The crowd then slowly made its way back to Kennedy Plaza. People in the rear of the march stepped up to deal with aggravated drivers on several occasions and eventually the march was able to fully reenter the plaza and safely disperse. The police of San Pablo kept their distance from the march, only blocking traffic relatively far back from the rear of the march which ended up benefiting the demo, as traffic was an issue. At the time of this reportback, there are no known arrests related to this march.
In the days since, there has been push-back and criticism as is to be expected with an event of this size and gravity. No action is beyond criticism and we take people’s feedback seriously, however some of these criticisms are out right false, and this misinformation damages cross-racial solidarity. We want to address two bits of misinformation first. First, ‘organizers of the march are all white,’ and second the assertion that ‘no local outreach was done before this march.’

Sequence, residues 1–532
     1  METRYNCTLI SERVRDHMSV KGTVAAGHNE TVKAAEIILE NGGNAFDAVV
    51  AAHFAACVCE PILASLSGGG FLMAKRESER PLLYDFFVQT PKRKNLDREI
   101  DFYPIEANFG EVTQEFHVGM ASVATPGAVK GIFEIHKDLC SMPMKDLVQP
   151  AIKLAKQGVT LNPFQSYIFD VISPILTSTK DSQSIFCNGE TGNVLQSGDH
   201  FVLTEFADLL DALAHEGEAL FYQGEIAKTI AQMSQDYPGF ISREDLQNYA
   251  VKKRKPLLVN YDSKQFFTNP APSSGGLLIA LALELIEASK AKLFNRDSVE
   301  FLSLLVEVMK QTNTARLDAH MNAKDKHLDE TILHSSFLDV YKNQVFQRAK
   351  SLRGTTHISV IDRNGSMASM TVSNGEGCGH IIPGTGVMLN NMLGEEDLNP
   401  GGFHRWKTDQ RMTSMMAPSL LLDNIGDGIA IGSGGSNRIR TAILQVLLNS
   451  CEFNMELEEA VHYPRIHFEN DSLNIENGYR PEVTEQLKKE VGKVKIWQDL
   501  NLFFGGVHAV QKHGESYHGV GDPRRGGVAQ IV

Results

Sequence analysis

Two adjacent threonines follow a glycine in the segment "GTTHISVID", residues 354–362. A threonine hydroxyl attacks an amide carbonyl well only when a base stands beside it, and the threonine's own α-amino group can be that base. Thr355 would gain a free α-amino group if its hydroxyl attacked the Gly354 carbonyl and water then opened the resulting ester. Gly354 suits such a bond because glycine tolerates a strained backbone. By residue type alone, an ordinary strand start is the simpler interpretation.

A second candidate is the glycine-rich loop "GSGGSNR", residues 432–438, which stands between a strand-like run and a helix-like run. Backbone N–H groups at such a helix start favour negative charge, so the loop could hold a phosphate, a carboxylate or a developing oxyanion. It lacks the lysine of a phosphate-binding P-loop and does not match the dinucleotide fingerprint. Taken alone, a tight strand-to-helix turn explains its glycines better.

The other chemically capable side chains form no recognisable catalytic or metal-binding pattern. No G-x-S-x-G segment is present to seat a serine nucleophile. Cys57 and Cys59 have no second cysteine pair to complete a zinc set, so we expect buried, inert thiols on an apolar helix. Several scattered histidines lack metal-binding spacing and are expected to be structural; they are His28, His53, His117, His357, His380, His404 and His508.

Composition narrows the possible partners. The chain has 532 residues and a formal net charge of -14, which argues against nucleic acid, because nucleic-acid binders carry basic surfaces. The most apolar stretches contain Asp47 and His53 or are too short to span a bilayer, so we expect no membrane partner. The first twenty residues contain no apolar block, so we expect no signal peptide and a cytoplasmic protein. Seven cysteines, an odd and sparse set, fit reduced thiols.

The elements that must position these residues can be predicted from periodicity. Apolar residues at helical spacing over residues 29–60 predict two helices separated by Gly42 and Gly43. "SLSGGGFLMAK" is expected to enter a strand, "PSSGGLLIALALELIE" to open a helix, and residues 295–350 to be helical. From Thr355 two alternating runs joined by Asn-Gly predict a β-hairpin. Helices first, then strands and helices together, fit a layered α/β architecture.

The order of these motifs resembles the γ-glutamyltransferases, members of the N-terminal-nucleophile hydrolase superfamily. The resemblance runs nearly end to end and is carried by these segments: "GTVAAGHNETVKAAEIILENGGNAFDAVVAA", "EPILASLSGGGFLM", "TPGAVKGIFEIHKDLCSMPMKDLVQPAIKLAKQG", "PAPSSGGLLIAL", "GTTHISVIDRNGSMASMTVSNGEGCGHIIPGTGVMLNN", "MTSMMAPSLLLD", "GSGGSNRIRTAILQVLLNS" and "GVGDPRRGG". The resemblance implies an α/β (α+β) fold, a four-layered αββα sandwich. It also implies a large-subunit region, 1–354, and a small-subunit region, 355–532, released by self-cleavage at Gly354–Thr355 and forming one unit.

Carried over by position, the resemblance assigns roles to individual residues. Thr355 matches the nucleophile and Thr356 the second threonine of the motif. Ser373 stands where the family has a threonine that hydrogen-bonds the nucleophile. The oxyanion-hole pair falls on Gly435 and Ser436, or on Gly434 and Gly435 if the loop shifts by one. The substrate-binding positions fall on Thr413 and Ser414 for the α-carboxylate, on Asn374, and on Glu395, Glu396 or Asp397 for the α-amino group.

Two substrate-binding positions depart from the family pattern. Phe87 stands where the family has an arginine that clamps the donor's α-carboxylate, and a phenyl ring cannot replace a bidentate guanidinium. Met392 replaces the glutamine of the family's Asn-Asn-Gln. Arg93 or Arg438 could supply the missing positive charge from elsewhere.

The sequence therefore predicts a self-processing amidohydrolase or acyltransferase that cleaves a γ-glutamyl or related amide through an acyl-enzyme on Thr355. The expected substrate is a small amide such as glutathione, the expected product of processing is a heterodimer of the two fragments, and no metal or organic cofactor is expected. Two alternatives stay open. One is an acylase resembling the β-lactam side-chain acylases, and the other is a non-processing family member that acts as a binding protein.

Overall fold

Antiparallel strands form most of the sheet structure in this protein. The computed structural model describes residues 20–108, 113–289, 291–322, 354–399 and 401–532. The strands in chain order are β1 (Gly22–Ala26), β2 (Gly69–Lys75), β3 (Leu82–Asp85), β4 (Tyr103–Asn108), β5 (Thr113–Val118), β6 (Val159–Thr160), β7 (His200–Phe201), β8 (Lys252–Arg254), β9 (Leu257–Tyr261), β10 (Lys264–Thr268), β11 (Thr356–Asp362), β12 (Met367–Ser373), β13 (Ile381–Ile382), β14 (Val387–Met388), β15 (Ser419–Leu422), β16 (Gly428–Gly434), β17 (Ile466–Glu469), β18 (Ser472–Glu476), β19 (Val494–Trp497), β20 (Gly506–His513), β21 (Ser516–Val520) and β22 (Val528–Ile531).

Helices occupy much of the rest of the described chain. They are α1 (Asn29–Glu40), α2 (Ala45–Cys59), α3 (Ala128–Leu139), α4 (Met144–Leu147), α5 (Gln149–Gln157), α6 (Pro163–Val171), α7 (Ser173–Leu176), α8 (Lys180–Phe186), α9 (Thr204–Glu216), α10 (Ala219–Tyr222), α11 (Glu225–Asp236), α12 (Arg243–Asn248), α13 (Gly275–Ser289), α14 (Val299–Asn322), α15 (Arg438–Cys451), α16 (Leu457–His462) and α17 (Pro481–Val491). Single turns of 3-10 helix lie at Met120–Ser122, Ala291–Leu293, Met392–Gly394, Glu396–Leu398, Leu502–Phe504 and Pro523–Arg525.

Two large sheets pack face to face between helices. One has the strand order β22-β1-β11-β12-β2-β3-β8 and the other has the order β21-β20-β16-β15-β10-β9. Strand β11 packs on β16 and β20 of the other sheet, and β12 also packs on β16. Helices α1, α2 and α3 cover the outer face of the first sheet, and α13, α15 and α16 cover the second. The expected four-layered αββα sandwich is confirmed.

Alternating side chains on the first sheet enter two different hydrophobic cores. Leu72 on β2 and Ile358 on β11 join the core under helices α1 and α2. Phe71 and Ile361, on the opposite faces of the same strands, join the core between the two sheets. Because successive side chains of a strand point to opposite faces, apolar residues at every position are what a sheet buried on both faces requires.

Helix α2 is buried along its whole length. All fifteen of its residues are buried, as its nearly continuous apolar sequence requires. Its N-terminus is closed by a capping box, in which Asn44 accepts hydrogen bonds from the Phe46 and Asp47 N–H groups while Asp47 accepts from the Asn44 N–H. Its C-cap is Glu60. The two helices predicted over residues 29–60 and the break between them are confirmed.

In fact we are a multi-racial group of organizers who brought together a diverse mix of speakers and demonstrators, to claim otherwise is false and invisibilizes people of color. Also in fact many people in the coalition did extensive bilingual outreach in San Pablo prior to the march, putting in 30+ hours of work over numerous days. Many of the families and businesses in San Pablo we spoke with did not know Cop Campus was being built and folks were shocked to hear the $43 million price-tag (even people who expressed support for the police). During the march itself, we handed out hundreds of bilingual flyers and talked with many locals about this struggle, and this outreach work has been carried forward by many people in the weeks since. To assert this outreach did not/ is not happening is again objectively untrue, and this misinformation serves the agenda of the cops by de-legitimizing or erasing solid community organizing.